Sarah AbouElSeoud

Photo Credit: University of Wisconsin-Madison

The Foundation is proud to highlight the breast cancer research of Lauren Trepanier, DVM, PhD, a professor at the University of Wisconsin-Madison’s School of Veterinary Medicine. Dr. Trepanier received a two-year grant from the Foundation in spring 2008 to examine whether specific enzymes present in the human breast are associated with breast cancer risk.

What led you to the field of breast cancer research?

I began my career by studying adverse drug reactions, in particular sulfonamide hypersensitivity (sulfa drug allergy). We wanted to understand why these drug reactions occur in certain patients, so we were studying the pathways that the body uses to detoxify, or neutralize, these drugs. We found that humans use a key enzyme pathway (cytochrome b5 and its reductase) to detoxify sulfonamide drugs. We also found that we use this same pathway to neutralize certain environmental carcinogens that have been associated with breast and other cancers.

Tell us about your research examining the role of two enzymes, b5R and cyt b5, in eliminating cancer-causing metabolites in the breast and whether individual differences in these enzymes are associated with breast cancer risk.

The enzymes b5 (cytochrome b5) and b5R (cytochrome b5 reductase) neutralize cancer-causing (arylhydroxylamine) chemicals, which enter the body when we eat grilled meats or smoke cigarettes. These chemicals damage DNA and lead to altered cell growth and mammary cancer in animals. Diets high in grilled meats are risk factors for breast cancer in women, and while smoking has been associated with breast cancer risk in some studies, the link is more controversial. Human breast tissue and even breast milk contains DNA that has been damaged by these chemicals, but the amount of damage varies between women. So there are individual factors that modulate how two women may respond differently to the same chemical exposure.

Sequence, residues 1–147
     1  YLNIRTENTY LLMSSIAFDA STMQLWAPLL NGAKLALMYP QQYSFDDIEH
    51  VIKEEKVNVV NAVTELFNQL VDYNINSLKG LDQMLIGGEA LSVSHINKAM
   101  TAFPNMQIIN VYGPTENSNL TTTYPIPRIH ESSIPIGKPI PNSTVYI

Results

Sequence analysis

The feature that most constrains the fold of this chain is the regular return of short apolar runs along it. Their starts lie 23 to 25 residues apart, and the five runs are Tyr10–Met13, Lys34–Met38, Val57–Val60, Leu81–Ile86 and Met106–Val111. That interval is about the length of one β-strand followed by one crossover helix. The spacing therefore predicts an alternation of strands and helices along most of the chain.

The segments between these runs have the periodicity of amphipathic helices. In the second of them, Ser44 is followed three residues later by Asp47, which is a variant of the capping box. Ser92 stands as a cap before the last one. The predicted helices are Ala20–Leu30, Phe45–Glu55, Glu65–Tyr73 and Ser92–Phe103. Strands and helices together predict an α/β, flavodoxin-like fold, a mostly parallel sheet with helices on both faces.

We found that the b5/b5R detoxification pathway is present in human breast, with more than 70-fold differences in the ability to neutralize these arylhydroxylamine chemicals among individual women. We also found genetic defects in the b5/b5R detoxification pathway, which were significantly more common in African American women compared to Caucasians. We are now looking at the relationship between these genetic differences, smoking exposure and breast cancer, along with other genetic factors, in the Carolina Breast Cancer Study population, a large group of African American and Caucasian women that have been diagnosed with breast cancer. We hope to identify groups of women with high-risk genetic patterns that may have a higher likelihood of breast cancer in association with smoking.

How has receiving a Prevent Cancer Foundation grant impacted your research?

Funding from federal agencies is very difficult to obtain right now, with some government institutes funding less than 1 in 10 of grants that are submitted. So funding from private foundations is more important than ever for scientists to continue their work, and to train the next generation of scientists. The Prevent Cancer Foundation has been pivotal in our ability to apply the insights and research resources that we have acquired from studying the risk of adverse drug reactions, to the field of cancer risk.

Why is it important to fund research in the field of cancer prevention and early detection?

Cancer prevention is, of course, the ideal. Breast cancer rates are highest in industrialized countries, and families that move from low-risk to high-risk countries acquire a breast cancer risk of their new industrialized homes in as little as two generations. This points to an important role of environmental factors in the development of breast cancer. A better understanding of how environmental factors, such as diet and smoking, interact with in-borne genetic traits will improve the quality of individualized advice that can be provided to women about personal breast cancer risk prevention and monitoring.